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Thunder Bay police cleared in incident that left suspect with skull fracture

The suspect ended up with a small skull fracture when his head hit this flashlight, the Special Investigations Unit said. (SIU photo) The suspect ended up with a small skull fracture when his head hit this flashlight, the Special Investigations Unit said. (SIU photo)
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Police in Thunder Bay have been cleared in an incident in which a domestic violence suspect ended up with a skull fracture when he tried to flee police.

The incident took place June 10, 2023, when police responded to an early morning call near River Street and High Street North in the city.

“The occupant of the home had called police to report that a female had rung his front doorbell asking that he call police,” the Special Investigations Unit said in a release Wednesday.

“She was with a male and the two had been yelling outside his house.”

Police arrived and located the woman and the man, who were on a grassy median on the south side of the street.

Officers “began to question them about the call to police.”

The man was instructed to sit down while police interviewed the woman. Once that interview was complete, the officer made his way back to the man, who is the complainant in the case.

“Fearing he was about to be arrested, the complainant stood up and ran westward on the roadway,” the SIU said.

“The (officer) ran after the complainant. He held a flashlight in his right hand. The officer caught up with the complainant and took him to the ground, his flashlight striking the complainant’s head in the process. The complainant’s head began to bleed after the strike.”

The suspect was handcuffed on the ground, then got up and walked to the police cruiser and sat in the back seat.

“He was subsequently transported to hospital and diagnosed with a skull fracture,” the SIU said.

Interviews with the complainant and video footage from the scene led the SIU to clear the officer of wrongdoing.

“On my assessment of the evidence, there are no reasonable grounds to believe that the (officer) committed a criminal offence in connection with the complainant’s arrest and injury,” SIU director Joseph Martino wrote in his decision.

“It is apparent that the complainant was being detained when he decided to flee what he believed was his impending arrest.”

Police can arrest people they believe have committed an offence, and Martino said the evidence showed the arrest was lawful.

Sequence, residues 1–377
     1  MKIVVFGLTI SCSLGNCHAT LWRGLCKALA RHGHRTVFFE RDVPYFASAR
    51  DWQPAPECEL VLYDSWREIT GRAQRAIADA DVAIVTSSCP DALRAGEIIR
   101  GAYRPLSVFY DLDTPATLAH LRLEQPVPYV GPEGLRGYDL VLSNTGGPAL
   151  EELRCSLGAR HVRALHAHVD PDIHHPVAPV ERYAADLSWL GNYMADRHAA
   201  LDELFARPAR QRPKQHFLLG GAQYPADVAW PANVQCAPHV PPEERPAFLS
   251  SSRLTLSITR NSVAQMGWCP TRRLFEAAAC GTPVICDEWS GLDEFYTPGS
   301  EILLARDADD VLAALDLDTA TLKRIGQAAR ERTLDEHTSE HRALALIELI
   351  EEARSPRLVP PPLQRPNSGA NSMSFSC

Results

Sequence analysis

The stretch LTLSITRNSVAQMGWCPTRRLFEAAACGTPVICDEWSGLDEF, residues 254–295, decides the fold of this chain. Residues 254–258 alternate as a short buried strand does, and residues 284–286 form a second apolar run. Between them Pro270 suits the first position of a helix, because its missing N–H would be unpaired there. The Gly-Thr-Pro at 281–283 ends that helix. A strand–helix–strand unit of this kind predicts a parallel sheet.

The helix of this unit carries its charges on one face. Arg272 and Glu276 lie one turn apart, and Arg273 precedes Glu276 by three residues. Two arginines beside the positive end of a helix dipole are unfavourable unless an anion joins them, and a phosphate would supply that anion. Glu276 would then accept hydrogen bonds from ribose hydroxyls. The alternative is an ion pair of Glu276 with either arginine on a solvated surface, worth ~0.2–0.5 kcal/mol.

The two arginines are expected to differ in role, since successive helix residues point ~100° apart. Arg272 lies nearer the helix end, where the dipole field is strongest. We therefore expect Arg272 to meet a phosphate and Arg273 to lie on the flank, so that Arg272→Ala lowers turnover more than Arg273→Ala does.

Was being lawfully detained

“In the instant case, I am satisfied the complainant was being lawfully detained for impaired operation of a motor vehicle,” Martino wrote.

“His companion (the woman) had told police that the complainant had been drinking, the complainant was unsteady on his feet, and both parties had arrived at the scene in a SUV.”

Once he tried to flee, police had the right to prevent the complainant from escaping arrest.

“The takedown, per se, was a legitimate tactic,” Martino said.

“The complainant was running away from the officer attempting to escape, and the officer was entitled to bring his flight to an end by forcing him down. The impact of the … flashlight with the complainant’s head is less readily reconciled with reasonable force.”

If police had intentionally hit the suspect with the flashlight, that would arguably be an assault, Martino said.

But “according to the officer, when he caught the complainant and grabbed his waistband, the complainant turned, raised an arm and lunged towards him,” the decision said.

“Concerned that the complainant might be in possession of a weapon – a not unreasonable concern given the presence of a knife that the officers had located in the SUV before the complainant’s arrest – the (officer) lifted his right arm to block and repel the complainant’s forward movement.”\

Body cam video was 'choppy'

While video from the officer’s body cam was “choppy,” Martino wrote that there was not sufficient evidence to show the use of the flashlight was anything but accidental.

“On this record, I am not satisfied that the evidence of intentional use of the flashlight is sufficiently cogent to warrant being put to the test by a court,” he said.

“In the result, as there are no reasonable grounds to believe that the (officer) comported himself other than within the limits of the criminal law throughout his engagement with the complainant … The file is closed.”

Read the full decision here.

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